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Riding the Higher Range by Steve Voynick

Review by Ed Quillen

Livestock – June 1998 – Colorado Central Magazine

Riding the Higher Range – The Story of Colorado’s Coleman Ranch and Coleman Natural Beef
by Stephen M. Voynick
Published in 1998 by Glenn Melvin Coleman
Distributed by Big Horn Booksellers, Fort Collins
ISBN 0-9662331-0-7

EVERY SO OFTEN, George Sibley will open a conference at Western State College in Gunnison by pointing to the nearby McDonald’s on Highway 50. The fast-food outlet sits in a pasture and is often nearly surrounded by cows and calves. “If we could figure out why those calves don’t go to that McDonald’s,” he says, “then we might start understanding the West.”

Even though the beef industry is relatively small in gross economic terms — the average household spends more on footwear than beef, and the annual $30 billion of American beef production is about what Americans spend on cable TV — it looms large in geographic and social terms. When we think of the West, we think of cattle roaming a vast and open range.

So the story of a ranch is also the saga of a family, the history of its town and county, the tale of new cattle breeds and breeding methods, and an account of constant struggle in an industry that has been global since the first Spanish cattle arrived four centuries ago.

As Voynick explains, ranching starts with land, where sunshine and water produce grass, and northern Saguache County offers the proper combination. The Curtis family arrived in 1874; the Colemans in 1882. They soon intermarried as they took up ranching.

What follows until about 1980 is a generally fluid account of the vicissitudes of ranch life — markets that rise and fall, the arrival of federal agents to supervise grazing on public land, trains and then trucks to haul cattle and sheep to market, the constant struggle to stay ahead of the banker’s foreclosure auction.

This might have been the tale of my grandfather homesteading on two barren sections of Wyoming, or indeed that of any ranch in the West. It’s well told here — Voynick excels at taking disparate and complex information and merging it into a smooth narrative.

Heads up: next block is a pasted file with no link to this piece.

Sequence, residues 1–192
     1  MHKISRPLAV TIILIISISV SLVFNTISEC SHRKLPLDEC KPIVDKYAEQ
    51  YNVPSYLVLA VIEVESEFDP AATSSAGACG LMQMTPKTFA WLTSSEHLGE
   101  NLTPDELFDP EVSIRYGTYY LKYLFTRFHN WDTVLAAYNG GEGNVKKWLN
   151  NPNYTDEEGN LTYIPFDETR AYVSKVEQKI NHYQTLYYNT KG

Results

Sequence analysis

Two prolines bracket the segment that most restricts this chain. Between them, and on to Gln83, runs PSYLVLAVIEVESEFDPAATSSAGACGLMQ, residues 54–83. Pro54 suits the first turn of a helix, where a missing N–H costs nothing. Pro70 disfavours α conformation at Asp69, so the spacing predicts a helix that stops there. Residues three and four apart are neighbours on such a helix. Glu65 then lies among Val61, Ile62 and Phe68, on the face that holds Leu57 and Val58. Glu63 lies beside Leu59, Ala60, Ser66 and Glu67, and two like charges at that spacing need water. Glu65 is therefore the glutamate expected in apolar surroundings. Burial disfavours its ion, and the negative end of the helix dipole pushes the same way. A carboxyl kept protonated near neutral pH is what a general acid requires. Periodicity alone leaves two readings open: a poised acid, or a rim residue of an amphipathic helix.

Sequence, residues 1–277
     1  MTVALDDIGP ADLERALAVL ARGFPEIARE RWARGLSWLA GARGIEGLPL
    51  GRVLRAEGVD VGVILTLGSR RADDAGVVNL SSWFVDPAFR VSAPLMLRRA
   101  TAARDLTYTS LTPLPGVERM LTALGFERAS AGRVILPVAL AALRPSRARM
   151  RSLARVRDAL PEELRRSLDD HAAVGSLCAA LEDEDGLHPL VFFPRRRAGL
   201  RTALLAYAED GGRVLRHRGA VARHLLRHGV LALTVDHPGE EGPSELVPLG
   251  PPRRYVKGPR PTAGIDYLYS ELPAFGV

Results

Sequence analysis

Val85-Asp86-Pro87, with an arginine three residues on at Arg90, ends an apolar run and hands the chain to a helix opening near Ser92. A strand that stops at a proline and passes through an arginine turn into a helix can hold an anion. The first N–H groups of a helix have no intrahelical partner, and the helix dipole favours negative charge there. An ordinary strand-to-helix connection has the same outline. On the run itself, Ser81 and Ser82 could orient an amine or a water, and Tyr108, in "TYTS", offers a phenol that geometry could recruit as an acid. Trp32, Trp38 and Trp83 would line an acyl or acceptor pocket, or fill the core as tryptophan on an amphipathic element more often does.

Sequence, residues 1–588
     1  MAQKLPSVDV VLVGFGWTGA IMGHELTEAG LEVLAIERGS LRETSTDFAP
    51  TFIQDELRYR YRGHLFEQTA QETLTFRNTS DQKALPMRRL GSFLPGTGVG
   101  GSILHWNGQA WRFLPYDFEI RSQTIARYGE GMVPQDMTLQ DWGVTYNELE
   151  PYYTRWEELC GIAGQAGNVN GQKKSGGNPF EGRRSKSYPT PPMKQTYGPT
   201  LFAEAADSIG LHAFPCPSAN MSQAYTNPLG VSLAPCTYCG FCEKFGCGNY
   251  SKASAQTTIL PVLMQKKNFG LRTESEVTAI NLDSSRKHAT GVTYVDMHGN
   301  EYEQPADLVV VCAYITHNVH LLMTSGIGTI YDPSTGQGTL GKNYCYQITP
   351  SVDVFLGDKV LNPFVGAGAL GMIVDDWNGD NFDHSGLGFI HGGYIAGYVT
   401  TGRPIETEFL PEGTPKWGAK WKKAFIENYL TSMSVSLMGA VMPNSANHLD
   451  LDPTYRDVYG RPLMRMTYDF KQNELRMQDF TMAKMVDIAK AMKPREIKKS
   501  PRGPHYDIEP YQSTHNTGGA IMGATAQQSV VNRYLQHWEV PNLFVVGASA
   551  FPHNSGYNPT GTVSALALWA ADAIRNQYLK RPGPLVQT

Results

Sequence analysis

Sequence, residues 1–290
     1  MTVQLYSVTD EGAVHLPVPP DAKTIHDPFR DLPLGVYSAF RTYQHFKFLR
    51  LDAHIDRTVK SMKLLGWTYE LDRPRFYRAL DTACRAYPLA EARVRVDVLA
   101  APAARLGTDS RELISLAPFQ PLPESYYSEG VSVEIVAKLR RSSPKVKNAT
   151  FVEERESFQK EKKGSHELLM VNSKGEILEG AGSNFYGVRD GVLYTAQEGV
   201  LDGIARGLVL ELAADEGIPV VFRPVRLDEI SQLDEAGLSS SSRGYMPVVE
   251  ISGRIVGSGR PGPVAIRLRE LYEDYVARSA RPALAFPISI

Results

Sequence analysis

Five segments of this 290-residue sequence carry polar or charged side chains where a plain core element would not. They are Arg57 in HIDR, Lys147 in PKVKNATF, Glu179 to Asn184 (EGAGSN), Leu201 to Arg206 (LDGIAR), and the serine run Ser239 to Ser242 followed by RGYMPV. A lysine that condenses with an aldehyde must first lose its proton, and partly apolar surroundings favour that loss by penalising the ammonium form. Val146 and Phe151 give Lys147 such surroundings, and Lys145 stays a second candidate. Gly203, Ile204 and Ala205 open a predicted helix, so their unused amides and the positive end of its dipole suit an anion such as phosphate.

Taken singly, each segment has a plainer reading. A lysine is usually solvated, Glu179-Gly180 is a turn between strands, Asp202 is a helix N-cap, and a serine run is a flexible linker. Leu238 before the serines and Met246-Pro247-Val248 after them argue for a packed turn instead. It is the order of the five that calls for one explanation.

But instead of selling off 35-acre ranchettes when another financial crisis hit twenty years ago, Mel and Polly Coleman decided to create a market for what they could produce from land that had never been improved with herbicides and chemical fertilizers: Natural Beef, raised without hormones or antibiotics.

This involved not only raising the calves, but bringing them to market weight, finding a processor, arranging for distribution, persuading the regulatory agencies to allow a new labeling category, inspiring a public demand for the product, and persuading stores to carry it.

And if that weren’t work enough, Coleman ignited a fervent controversy in the beef industry. Many producers argued that by selling “Natural Beef,” Coleman was implying that there was something wrong with the other beef in the store’s cooler.

Coleman says he never meant to imply any such thing, that his beef was merely an option for consumers. But his critics point out that all American beef is free of antibiotics and hormones at slaughter time these days, and there’s nothing all that “natural” about cattle anyway — every modern cow is the result of thousands of years of selective breeding and other human intervention.

The controversy shows no sign of abating, what with recent heated arguments about proposed USDA labeling standards.

No matter which side you take on that matter, the Coleman story is an integral part of the controversy, and in Voynick’s hands, it’s an engaging and interesting story, worth knowing because the controversy will continue.

Sometimes my reading slowed in the 19th-century family lore, which seemed overly detailed for general public consumption, but that’s not a major part of the book. And the rest is an illustration of how one part of the Old West, a relatively isolated family ranch, became a leader in the New West of global markets and beef as a political statement.

Near the end is one striking irony: Mel Coleman started his Natural Beef as a way to hang onto his beloved home near Saguache. His enterprise succeeded so well that, to run it without spending all his time on the highway, he had to move to the Denver metro area. By trying to save the ranch so that he wouldn’t have to take a job in the city, he effectively ended up with the job in the city.

Whether you see Mel Coleman as a visionary who found economic salvation for scores of family ranchers, or as a clever promoter who plays Stetson stereotypes to the detriment of the rest of the industry, there’s quite a story behind him and his Natural Beef, and it’s a story well worth reading for anyone interested in the past and present of Colorado ranching.

— Ed Quillen